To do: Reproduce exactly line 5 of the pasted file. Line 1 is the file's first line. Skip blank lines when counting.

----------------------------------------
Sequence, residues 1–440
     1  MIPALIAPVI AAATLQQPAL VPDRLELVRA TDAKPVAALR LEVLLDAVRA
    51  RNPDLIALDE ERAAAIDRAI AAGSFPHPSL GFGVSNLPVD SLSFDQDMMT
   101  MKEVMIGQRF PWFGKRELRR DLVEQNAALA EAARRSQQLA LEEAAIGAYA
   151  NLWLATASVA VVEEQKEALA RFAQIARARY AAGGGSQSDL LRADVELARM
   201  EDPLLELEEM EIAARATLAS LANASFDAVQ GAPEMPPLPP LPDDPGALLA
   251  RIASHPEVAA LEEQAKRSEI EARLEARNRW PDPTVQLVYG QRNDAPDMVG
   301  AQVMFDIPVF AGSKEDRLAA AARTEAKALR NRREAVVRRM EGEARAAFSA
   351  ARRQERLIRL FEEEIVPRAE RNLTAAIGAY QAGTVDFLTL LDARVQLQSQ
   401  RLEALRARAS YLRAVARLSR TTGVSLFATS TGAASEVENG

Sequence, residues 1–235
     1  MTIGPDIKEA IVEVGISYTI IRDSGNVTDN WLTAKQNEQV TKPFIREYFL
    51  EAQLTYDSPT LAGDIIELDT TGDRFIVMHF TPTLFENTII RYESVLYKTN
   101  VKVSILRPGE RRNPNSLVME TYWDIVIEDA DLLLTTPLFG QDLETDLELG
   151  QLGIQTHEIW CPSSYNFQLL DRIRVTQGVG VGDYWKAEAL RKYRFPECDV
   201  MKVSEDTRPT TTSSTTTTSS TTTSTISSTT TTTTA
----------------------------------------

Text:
   151  NLWLATASVA VVEEQKEALA RFAQIARARY AAGGGSQSDL LRADVELARM